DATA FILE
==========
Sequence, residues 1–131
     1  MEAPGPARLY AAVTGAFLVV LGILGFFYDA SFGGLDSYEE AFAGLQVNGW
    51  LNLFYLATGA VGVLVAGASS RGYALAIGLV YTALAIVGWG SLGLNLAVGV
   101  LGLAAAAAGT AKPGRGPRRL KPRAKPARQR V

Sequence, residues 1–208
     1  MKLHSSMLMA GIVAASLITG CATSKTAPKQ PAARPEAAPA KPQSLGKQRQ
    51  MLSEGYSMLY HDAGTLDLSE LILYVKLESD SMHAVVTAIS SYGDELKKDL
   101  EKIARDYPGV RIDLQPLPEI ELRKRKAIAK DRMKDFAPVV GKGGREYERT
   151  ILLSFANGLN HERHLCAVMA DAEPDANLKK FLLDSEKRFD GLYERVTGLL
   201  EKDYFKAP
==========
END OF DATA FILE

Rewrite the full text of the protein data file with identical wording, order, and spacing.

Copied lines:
Sequence, residues 1–131
     1  MEAPGPARLY AAVTGAFLVV LGILGFFYDA SFGGLDSYEE AFAGLQVNGW
    51  LNLFYLATGA VGVLVAGASS RGYALAIGLV YTALAIVGWG SLGLNLAVGV
   101  LGLAAAAAGT AKPGRGPRRL KPRAKPARQR V

Sequence, residues 1–208
     1  MKLHSSMLMA GIVAASLITG CATSKTAPKQ PAARPEAAPA KPQSLGKQRQ
    51  MLSEGYSMLY HDAGTLDLSE LILYVKLESD SMHAVVTAIS SYGDELKKDL
   101  EKIARDYPGV RIDLQPLPEI ELRKRKAIAK DRMKDFAPVV GKGGREYERT
   151  ILLSFANGLN HERHLCAVMA DAEPDANLKK FLLDSEKRFD GLYERVTGLL
   201  EKDYFKAP